In Annapolis, Maryland, the United States Naval Academy admitted women for the first time. On Oct. 7, 1975, President Gerald Ford signed legislation permitting women to enter the military academies. With male chauvinism and bias working against them in addition to the mental and physical challenges of military training, the women had to work hard to prove themselves — which they quickly did, nailing academics at a higher rate than their male counterparts and slowly earning the respect of their brothers in arms. 55 women from that first class graduated, paving the way for all female cadets, who now comprise more than a quarter of the student body.


The movie Forrest Gump opened in U.S. theaters. A huge box-office success, the film starred Tom Hanks in the title role of Forrest, a good-hearted man with a low I.Q. who winds up at the center of key cultural and historical events of the second half of the 20th century. Forrest Gump received 13 Academy Award nominations and took home six Oscars, including Best Picture, Best Actor in a Leading Role (Hanks) and Best Director (Robert Zemeckis). The film also won an Oscar for its then-cutting-edge computer-generated imagery (CGI) special effects, which incorporated Forrest Gump into existing news footage with famous world figures including JFK, John Lennon and Richard Nixon.

July 7


Construction of the Hoover Dam began. Over the next five years, a total of 21,000 men would work ceaselessly to produce what would be the largest dam of its time, as well as one of the largest manmade structures in the world. Once preparations were made, the Hoover Dam’s construction sprinted forward: The contractors finished their work two years ahead of schedule and millions of dollars under budget. Today, the Hoover Dam generates enough energy each year to serve over a million people, and stands, in Hoover Dam artist Oskar Hansen’s words, as “a monument to collective genius exerting itself in community efforts around a common need or ideal.”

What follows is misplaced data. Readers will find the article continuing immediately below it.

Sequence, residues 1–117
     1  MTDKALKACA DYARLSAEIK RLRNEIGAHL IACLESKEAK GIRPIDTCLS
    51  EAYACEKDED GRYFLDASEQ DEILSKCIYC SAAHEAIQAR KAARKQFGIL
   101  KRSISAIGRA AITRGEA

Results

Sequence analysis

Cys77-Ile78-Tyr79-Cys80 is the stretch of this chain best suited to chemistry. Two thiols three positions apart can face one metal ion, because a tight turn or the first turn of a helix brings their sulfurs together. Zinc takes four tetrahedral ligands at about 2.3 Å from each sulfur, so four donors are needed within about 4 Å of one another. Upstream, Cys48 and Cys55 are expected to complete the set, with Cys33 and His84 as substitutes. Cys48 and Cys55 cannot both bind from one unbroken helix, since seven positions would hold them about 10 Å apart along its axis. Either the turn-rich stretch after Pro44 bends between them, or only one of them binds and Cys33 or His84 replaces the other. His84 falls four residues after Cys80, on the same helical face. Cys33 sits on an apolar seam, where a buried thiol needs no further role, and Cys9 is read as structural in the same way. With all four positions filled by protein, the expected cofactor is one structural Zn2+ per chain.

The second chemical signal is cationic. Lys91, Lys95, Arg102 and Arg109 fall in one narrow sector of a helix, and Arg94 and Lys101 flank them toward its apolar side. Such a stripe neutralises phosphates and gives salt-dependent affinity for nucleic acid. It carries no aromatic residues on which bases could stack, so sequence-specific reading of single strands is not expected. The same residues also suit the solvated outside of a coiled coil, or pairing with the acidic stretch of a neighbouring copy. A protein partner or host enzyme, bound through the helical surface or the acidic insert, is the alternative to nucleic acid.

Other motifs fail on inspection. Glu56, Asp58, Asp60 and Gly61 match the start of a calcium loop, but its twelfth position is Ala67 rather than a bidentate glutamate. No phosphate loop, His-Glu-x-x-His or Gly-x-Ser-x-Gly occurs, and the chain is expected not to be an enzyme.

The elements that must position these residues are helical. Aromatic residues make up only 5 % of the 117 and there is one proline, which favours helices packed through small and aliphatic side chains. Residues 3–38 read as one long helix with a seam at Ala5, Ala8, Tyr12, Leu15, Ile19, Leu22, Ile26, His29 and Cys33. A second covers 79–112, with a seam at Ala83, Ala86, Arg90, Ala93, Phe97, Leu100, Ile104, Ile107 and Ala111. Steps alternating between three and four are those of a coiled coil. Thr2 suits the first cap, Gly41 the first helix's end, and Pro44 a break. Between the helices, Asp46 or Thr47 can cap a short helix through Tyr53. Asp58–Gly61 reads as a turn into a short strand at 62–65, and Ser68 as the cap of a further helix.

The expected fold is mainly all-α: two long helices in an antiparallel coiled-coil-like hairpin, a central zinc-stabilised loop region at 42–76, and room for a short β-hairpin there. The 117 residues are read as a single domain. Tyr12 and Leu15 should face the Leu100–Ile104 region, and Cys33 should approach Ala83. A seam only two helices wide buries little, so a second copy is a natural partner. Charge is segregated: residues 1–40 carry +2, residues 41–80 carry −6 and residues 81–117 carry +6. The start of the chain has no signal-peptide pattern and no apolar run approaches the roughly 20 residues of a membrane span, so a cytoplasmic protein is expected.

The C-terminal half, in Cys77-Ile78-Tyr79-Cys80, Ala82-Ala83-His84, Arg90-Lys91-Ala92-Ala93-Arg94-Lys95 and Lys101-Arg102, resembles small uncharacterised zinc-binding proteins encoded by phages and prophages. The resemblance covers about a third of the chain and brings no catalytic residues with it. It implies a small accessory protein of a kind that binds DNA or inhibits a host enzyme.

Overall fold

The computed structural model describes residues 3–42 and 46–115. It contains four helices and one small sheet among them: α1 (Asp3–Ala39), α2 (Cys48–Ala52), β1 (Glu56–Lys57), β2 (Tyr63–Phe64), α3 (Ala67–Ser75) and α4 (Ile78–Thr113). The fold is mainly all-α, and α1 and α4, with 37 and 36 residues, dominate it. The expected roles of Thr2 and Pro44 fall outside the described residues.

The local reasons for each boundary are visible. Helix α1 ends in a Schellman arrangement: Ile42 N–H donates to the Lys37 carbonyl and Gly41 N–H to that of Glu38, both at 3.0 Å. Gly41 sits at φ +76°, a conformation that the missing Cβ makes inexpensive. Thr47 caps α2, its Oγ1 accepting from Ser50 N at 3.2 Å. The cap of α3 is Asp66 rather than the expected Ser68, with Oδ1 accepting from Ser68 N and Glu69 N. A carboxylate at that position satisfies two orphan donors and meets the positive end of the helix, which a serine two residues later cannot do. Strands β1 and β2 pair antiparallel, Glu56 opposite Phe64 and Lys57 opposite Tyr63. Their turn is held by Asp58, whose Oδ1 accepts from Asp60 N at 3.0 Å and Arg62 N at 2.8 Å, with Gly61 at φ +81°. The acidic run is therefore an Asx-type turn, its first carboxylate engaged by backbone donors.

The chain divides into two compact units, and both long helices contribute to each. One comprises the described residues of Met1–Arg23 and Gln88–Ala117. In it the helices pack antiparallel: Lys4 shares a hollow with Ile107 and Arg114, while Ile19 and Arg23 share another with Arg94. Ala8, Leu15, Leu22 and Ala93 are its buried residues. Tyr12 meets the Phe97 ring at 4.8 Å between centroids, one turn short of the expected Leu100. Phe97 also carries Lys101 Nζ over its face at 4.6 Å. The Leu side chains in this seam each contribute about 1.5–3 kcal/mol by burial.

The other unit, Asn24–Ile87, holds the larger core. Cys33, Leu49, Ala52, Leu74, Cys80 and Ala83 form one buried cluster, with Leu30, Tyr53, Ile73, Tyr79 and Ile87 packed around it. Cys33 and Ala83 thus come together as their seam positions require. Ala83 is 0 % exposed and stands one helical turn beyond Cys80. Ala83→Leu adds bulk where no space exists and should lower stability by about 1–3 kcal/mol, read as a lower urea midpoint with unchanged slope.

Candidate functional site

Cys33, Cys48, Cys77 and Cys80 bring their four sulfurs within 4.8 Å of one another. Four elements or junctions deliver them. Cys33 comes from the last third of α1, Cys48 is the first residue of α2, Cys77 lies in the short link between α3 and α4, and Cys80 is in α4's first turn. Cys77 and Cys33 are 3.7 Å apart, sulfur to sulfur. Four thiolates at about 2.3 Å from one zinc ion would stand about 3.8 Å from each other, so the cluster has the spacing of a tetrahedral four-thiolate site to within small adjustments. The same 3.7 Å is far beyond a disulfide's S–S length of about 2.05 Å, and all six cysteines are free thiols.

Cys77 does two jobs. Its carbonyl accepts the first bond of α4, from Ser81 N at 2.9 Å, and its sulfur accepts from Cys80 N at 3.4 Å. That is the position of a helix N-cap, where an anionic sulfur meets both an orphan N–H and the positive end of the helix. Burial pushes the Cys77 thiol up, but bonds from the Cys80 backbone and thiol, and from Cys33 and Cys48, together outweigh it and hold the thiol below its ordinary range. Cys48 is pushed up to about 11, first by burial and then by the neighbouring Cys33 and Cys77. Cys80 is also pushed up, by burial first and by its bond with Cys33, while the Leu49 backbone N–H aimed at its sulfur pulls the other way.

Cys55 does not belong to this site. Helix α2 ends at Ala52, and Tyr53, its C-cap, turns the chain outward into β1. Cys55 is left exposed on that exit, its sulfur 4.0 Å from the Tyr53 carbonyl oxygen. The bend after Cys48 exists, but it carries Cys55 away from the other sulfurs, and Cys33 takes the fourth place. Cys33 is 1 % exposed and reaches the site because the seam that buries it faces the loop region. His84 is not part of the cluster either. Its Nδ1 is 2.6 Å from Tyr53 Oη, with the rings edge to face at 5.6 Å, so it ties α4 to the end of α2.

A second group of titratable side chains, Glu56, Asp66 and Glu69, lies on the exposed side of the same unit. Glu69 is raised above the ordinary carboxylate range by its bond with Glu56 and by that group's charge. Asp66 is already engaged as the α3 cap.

President Ronald Reagan nominated Sandra Day O'Connor, an Arizona court of appeals judge, to be the first woman Supreme Court justice in U.S. history. On September 21st, the Senate unanimously approved her appointment to the nation's highest court. O'Connor emerged as a moderate and pragmatic conservative. On social issues, she often voted with liberal justices, and in several cases she upheld abortion rights. During her time on the bench, she was known for her dispassionate and carefully researched opinions and was regarded as a prominent justice because of her tendency to moderate the sharply divided Supreme Court. O’Connor announced her retirement from the Supreme Court on July 1, 2005.